Nordica Santa Ana 93 ReviewAugust 31, 2018
- Good edge grip & stability underfoot
- Solid turner, best in GS turns
- Stable & surefooted
- Straight-ish sidecut/sluggish to get up on edge
- Shapeless tip; chatter at speed
- Feels damp & stiff
A cruiser favoring medium to long turns, the Nordica Santa Ana 93 suits an aggressive skier seeking a strong all-mountain ski. “Once you get it on edge, this ski provides good edge grip and stability underfoot,” says one tester. The Santa Ana 93 received its highest tester scores for Carving Pleasure, Edge-hold and Stability and lower scores for Resort Float and Turn Shape Variability. “This ski feels damp and heavy in the shovel,” says one tester. “It’s stiff and the straight-ish sidecut can make the ski feel sluggish to get up on edge.”
At 93 mm underfoot, the Santa Ana 93 is the narrowest in the All-mountain Freeski Santa Ana collection (including the 100 and 110). It’s designed for versatility—damp and stable, more directional than playful, however, combining maneuverability with a freeski-oriented rocker profile. “The ski will butter and feather, but it chatters a little,” says one tester. “It skis more like a 75-mm-waisted ski than 93 mm in terms of edge bite and precision on edge.” The turn radius for the Santa Ana 93 is 15.5 m (at 169 cm) with a less than shapely side cut (124-93-112). Most testers agreed that the ski favors aggressive, all-mountain skiers who are looking for a long-turn cruiser that can combat cut-up snow.
Nordica uses its Energy 2 Ti construction in the Santa Ana 93—that is a balsa wood and carbon core sandwiched between two sheets of titanium. The rocker profile includes early rise in the blunt tip and rounded tail, with 50 percent camber underfoot. Some testers commented on the tip shape and straight-ish sidecut. “The ski can feel sluggish to roll up on edge,” says one tester. “But once you get it on edge it holds well.” Other testers commented on the flex profile of the ski—made of lightweight materials and two sheets of metal. “It feels damp and heavy in the shovel, which reduces responsiveness,” says one tester. Though damp and even stiff flexing, testers felt that aggressive skiers would appreciate the balance of stability and agility from the Santa Ana 93.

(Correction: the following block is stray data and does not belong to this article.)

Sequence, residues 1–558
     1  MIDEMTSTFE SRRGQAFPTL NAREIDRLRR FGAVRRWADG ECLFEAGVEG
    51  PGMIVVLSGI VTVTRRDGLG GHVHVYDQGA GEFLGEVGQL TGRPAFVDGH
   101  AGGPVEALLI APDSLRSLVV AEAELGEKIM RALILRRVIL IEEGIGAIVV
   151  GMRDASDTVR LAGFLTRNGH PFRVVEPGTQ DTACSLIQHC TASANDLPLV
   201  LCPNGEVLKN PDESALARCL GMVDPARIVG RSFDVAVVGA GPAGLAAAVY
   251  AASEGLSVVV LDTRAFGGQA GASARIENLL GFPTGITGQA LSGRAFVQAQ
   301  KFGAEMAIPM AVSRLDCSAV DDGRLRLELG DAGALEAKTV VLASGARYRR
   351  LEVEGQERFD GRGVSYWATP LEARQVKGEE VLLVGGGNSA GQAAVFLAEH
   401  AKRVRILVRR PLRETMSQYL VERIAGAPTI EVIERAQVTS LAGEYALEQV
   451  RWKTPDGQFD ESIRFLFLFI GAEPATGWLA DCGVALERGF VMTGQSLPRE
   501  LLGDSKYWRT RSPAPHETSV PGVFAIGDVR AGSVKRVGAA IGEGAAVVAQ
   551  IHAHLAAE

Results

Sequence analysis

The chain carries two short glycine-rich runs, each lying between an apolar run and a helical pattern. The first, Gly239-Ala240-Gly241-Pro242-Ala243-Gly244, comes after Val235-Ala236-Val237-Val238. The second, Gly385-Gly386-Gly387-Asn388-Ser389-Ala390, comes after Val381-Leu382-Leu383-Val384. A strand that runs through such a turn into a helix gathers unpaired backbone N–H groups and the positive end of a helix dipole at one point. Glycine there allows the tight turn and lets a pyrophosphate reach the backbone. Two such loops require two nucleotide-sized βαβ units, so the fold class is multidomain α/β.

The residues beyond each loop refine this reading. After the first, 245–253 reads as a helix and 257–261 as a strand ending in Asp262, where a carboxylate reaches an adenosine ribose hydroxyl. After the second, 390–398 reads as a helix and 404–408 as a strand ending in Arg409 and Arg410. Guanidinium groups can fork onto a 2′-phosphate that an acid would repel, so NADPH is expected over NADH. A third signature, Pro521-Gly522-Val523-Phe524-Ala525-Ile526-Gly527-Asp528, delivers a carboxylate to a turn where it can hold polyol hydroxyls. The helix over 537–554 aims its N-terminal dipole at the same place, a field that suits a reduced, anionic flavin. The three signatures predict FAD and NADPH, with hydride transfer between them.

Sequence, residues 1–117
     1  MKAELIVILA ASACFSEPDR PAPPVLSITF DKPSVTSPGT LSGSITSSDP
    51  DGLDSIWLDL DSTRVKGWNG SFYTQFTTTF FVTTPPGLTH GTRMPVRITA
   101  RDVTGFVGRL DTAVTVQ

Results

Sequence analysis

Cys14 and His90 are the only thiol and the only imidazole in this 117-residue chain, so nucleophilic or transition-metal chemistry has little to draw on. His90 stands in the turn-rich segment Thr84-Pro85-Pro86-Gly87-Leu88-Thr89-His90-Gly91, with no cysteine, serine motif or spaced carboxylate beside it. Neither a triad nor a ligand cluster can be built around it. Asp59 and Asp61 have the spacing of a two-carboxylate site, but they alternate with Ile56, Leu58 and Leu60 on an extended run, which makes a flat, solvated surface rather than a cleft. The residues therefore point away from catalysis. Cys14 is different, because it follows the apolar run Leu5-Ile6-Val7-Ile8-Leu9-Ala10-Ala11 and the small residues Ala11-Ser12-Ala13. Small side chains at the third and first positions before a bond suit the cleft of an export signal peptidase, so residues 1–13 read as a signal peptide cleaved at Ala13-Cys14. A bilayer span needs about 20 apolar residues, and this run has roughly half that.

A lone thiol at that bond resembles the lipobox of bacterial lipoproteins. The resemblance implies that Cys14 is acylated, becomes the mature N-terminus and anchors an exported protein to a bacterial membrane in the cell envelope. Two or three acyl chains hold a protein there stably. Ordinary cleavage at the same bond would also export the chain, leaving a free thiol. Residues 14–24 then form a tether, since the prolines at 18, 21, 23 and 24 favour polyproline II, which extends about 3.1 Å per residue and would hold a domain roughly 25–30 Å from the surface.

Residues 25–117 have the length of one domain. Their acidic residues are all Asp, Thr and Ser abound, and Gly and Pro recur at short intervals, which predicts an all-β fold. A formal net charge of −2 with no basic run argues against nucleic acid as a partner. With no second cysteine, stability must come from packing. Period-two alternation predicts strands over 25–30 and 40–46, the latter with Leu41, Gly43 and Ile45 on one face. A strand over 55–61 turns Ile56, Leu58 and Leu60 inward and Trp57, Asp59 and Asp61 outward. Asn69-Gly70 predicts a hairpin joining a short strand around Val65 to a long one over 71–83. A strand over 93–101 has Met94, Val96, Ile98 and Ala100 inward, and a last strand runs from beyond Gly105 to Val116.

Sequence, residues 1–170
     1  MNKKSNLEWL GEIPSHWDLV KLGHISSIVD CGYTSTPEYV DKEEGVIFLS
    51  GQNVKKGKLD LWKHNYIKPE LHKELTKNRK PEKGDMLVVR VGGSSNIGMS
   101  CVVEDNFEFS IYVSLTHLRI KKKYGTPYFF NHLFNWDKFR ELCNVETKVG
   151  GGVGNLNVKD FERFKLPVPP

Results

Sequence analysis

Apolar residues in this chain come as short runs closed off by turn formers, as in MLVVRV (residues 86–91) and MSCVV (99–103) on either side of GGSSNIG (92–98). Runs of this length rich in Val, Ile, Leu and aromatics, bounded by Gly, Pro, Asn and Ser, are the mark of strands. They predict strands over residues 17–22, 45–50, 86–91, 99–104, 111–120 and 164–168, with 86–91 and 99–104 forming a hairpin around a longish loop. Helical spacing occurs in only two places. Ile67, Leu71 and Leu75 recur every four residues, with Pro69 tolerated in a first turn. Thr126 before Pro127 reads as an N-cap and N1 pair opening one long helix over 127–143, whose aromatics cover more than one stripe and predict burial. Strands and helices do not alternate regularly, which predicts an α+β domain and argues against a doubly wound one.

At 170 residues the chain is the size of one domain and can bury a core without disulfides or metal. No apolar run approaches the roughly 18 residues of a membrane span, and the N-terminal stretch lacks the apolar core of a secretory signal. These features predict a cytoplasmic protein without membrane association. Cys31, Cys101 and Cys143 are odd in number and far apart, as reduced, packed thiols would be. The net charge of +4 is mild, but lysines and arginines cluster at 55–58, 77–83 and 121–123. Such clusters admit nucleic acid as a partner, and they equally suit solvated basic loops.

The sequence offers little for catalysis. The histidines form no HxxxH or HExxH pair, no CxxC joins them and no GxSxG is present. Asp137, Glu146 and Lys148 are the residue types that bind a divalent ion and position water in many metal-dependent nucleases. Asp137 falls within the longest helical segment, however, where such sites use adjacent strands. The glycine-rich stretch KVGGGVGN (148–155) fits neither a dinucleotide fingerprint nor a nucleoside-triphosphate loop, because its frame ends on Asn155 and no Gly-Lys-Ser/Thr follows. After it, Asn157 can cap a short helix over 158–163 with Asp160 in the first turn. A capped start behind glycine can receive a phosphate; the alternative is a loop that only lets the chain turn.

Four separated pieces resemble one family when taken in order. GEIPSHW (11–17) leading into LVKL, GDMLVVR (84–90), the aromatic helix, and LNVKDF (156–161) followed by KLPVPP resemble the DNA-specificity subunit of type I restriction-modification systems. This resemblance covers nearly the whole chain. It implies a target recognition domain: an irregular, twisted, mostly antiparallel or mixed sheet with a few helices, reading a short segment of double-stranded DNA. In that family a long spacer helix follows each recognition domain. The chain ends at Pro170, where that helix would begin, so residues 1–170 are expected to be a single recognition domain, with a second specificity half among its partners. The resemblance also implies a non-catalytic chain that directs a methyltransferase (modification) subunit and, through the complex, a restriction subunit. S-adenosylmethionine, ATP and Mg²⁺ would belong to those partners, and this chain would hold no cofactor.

The Santa Ana 93 performed well off-piste, in terms of offering stability in changing conditions. “They held their own in hard bumps and cut up snow,” says one tester. “If you control them, they give back.” It’s here that testers agree on the ski’s performance: Ski aggressively and pressure the tip and the ski will roll on edge and offer stability and edge-hold. However, ski tentatively, and the ski feels damp and heavy underfoot, with slight tip chatter. All in all, the Santa Ana 93 is an advanced skier’s cruiser ski, favoring GS turns and offering stability in variable snow, up to the point of powder, where the narrow tip lacks flotation like its wider siblings in the Santa Ana family.
The Santa Ana 93 scored well within the Stability category, particularly off-piste, in terms of offering stability in changing conditions. “They held their own in hard bumps and cut up snow,” says one tester. “If you control them, they give back.” Testers said that if you ski aggressively and pressure the tip, the ski would roll on edge and offer stability and edge-hold. However, ski tentatively, and the ski feels damp and heavy underfoot, with slight tip chatter. Nordica’s Energy 2 Ti construction combines lightweight material—balsa wood and carbon—sandwiched between two sheets of metal, resulting in what one tester called “stable and damp underfoot.”